Accepting the Offer and Blocking

Now, given how important offers are to keeping a scene moving and creating a world, it stands to reason that it’s important to let them land. accepting an offer means you take on whatever new reality your scene partner is creating.

In the simplest form, this is usually demonstrated to new improv students by doing an exercise where they respond “yes” to every offer given to them by a scene partner. Though the scene doesn’t go too far with such a simple format, it never lacks energy. The reason for this is also the reason this is such an important idea; accepting an offer allows the scene to move forward. It builds momentum.

Let’s get an example:

Suppose you are playing a Half-Elf fighter. You have discussed previously with the Dungeon Master that your character is estranged from her father. In an Elven city, the Dungeon Master describes you recognizing your father in the street. Your father calls out to you.

What do you do? Well, obviously, you react in some way. Perhaps you glare angrily at him as he approaches, or demand to know what he wants. This is also a good time to clarify that accepting doesn’t mean always saying “Yes”, even though that it is how it is most easily understood. In this case, accepting the offer could mean your character tries to avoid being reunited with his father by disappearing into the crowd. You are still accepting the reality that you have encountered your father in the city.

What would be wrong, though, would be to say “That’s not my father” (unless it was meant as a sick burn, in character) and refuse to interact with the situation. That would be blocking, or denying the reality being offered to you. The scene has nowhere to go, and to make matters worse the Dungeon Master is annoyed and less likely to throw more offers.

Don’t be That Guy!

“Yes And”-ing

A scene would still fall pretty flat if both scene partners weren’t working together to build something. In improv, the pressure is shared by every player in the scene to make offers as well as accept them.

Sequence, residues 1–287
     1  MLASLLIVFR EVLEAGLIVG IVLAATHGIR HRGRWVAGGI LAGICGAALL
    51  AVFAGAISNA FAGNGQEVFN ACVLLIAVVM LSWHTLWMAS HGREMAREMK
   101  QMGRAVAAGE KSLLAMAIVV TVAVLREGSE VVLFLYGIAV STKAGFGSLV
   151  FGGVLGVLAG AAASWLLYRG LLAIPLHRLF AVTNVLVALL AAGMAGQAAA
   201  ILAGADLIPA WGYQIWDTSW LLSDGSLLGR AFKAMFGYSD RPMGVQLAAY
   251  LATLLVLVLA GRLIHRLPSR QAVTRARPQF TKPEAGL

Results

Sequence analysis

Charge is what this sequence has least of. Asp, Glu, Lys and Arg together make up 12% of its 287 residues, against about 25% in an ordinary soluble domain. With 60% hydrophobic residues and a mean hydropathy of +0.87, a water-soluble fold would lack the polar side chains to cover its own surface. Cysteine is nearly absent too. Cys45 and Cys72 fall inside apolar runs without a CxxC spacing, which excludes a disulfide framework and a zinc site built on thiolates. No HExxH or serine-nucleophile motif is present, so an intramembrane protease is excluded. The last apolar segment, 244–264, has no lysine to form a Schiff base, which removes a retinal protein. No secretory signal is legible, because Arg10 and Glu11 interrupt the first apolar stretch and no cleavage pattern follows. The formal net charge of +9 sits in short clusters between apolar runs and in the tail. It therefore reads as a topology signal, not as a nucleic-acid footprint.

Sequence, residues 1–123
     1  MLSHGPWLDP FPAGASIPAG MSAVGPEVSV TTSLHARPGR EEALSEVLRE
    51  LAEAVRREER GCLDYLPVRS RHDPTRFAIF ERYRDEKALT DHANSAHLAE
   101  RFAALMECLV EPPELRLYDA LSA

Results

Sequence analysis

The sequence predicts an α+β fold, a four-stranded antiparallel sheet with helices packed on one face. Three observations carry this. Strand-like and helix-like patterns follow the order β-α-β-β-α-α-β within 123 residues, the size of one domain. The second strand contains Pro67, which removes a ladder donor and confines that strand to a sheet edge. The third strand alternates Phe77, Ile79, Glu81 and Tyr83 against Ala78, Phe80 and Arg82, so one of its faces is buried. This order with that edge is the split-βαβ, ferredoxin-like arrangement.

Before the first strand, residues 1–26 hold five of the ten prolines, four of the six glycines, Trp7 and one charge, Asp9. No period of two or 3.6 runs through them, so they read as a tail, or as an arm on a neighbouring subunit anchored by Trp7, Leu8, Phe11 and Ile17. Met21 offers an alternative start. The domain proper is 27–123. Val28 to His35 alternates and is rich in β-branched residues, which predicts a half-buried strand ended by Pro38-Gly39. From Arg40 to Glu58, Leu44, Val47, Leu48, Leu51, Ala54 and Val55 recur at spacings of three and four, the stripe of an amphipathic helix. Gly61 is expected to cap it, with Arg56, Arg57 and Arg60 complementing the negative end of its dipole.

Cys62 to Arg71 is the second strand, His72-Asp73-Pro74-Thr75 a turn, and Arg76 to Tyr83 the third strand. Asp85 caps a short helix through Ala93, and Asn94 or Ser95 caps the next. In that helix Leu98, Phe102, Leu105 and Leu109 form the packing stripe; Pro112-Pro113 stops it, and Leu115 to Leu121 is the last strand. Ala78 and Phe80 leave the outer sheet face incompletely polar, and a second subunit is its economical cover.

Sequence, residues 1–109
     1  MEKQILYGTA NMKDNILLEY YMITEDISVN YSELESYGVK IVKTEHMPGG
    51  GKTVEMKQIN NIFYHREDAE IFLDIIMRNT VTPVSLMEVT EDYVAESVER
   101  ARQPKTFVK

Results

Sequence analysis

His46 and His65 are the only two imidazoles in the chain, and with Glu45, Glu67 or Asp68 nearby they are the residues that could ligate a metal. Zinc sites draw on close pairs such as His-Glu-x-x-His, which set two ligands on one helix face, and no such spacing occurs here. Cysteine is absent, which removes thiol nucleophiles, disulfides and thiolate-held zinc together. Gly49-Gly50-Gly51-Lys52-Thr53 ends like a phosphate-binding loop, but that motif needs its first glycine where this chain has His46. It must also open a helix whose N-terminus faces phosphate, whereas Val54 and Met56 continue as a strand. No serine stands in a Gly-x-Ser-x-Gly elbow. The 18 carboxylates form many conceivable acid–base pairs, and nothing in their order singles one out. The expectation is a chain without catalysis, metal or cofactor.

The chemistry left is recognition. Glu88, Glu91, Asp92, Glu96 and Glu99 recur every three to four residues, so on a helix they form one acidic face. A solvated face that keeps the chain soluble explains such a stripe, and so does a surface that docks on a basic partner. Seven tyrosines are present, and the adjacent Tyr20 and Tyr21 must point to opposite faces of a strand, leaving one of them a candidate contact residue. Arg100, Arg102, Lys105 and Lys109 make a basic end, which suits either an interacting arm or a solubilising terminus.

This is the almighty “Yes and…” you may be passingly familiar with if you know improv. What does it mean?

When you accept an offer, that’s great and all. The scene needs to keep building if it’s going to get anywhere, though! You need to follow up that acceptance with an offer of your own that further builds the scene.

So when you walk into that tavern described in the example earlier in the post, as a player, it’s nice and all to comment on how cold it is (accepting the reality offered) or “pull your coat closer to yourself” as you step inside. That’s accepting. That’s okay.

The scene hasn’t moved forward as a result of that action, though. Now you have a pile of adventurer’s shuffling awkwardly in the doorway while the Dungeon Master stares at the players. Make no mistake, it is absolutely also the job of the player to follow up with an offer of their own by taking action. Go to the bar. Seek out somebody to talk to. Take a seat. Pick a fight. Do something!

In Dungeons and Dragons, the pressure for a good game is on everyone involved. A Dungeon Master can throw a table offers all night, but if the players spend the whole time blocking, nothing will get done and nobody will have a good time.

Next time you’re out there role-playing in your Dungeons and Dragons game, remember: “Yes and…”!